Breastfeeding for at least two months cuts a baby’s risk of sudden infant death syndrome almost in half, a sweeping new international study has found.
The study determined that mothers do not need to breastfeed exclusively for their baby to get the benefit, potentially good news for moms who can’t or choose not to rely solely on breastfeeding.
“These results are very powerful! Our study found that babies who are breastfed for at least two months have a significant reduction in their risk of dying from SIDS,” said researcher Kawai Tanabe of the University of Virginia School of Medicine. “Breastfeeding is beneficial for so many reasons, and this is really an important one.”
Previous studies have suggested that breastfeeding was associated with a decreased risk of SIDS, the leading cause of death of babies between 1 month and 1 year of age, but this study is the first to determine the duration necessary to provide that protection. The researchers found, after adjusting for variables that could distort their results, that breastfeeding for at least two months was associated with a significant decreased risk. Breastfeeding for less than two months did not offer such a benefit.
“Breastfeeding for just two months reduces the risk of SIDS by almost half, and the longer babies are breastfed, the greater the protection,” said UVA researcher Dr. Fern Hauck of the UVA School of Medicine and the UVA Children’s Hospital. “The other important finding from our study is that any amount of breastfeeding reduces the risk of SIDS – in other words, both partial and exclusive breastfeeding appear to provide the same benefit.”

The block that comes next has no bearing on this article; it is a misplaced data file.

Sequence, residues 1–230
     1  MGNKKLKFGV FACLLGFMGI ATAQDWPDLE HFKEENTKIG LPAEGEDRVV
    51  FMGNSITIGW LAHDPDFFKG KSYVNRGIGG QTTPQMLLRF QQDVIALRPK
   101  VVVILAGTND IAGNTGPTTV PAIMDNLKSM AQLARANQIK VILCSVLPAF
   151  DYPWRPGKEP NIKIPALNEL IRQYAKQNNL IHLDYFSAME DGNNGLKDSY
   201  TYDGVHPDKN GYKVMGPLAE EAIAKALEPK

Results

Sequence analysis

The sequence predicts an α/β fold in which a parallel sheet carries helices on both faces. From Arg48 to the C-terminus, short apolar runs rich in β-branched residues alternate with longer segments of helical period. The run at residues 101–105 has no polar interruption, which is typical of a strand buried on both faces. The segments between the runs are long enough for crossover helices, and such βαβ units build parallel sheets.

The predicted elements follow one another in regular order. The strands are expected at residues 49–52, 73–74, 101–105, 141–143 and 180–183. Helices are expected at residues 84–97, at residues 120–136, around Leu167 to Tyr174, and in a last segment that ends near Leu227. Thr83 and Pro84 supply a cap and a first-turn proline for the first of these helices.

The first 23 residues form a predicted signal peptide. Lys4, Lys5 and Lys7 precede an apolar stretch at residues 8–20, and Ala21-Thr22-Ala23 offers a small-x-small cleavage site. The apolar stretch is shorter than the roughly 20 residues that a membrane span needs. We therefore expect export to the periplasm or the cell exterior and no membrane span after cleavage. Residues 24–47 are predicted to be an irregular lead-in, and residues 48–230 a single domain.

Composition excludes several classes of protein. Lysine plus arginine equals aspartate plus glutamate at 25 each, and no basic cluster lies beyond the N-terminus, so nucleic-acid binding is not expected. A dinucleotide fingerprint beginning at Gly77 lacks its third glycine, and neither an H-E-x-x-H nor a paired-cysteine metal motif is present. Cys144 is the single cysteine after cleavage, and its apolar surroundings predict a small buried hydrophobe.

To determine the effects of breastfeeding on SIDS risk, the researchers analyzed eight major international studies that examined 2,259 cases of SIDS and 6,894 control infants where death did not occur. This large collective sample demonstrated the consistency of findings despite differing cultural behaviors across countries, and it provides convincing evidence of the reliability of the findings.
Based on their results, the researchers are calling for “ongoing concerted efforts” to increase rates of breastfeeding around the world. Data from 2007 showed that a quarter of U.S. babies had never been breastfed, the researchers report. (The World Health Organization has established a goal of having more than half of infants worldwide being breastfed exclusively for at least six months by 2025.)
“It’s great for mothers to know that breastfeeding for at least two months provides such a strong protective effect against SIDS,” said researcher Dr. Rachel Moon of the UVA School of Medicine and the UVA Children’s Hospital. “We strongly support international and national efforts to promote breastfeeding.”
It remains unclear why breastfeeding protects against SIDS, though the researchers cite factors such as immune benefits and effects on infant sleeping patterns as possible mechanisms.
The researchers have published their findings in the scientific journal Pediatrics. The research team consisted of John M.D. Thompson of New Zealand’s University of Auckland; Kawai Tanabe of the UVA School of Medicine; Rachel Y. Moon, of the UVA School of Medicine; Edwin A. Mitchell, of the University of Auckland; Cliona McGarvey, of Temple Street Children’s University Hospital in Dublin, Ireland; David Tappin, of the University of Glasgow’s School of Medicine in Scotland; Peter S. Blair, of the School of Social and Community Medicine at the University of Bristol in England; and Fern R. Hauck, of the UVA School of Medicine.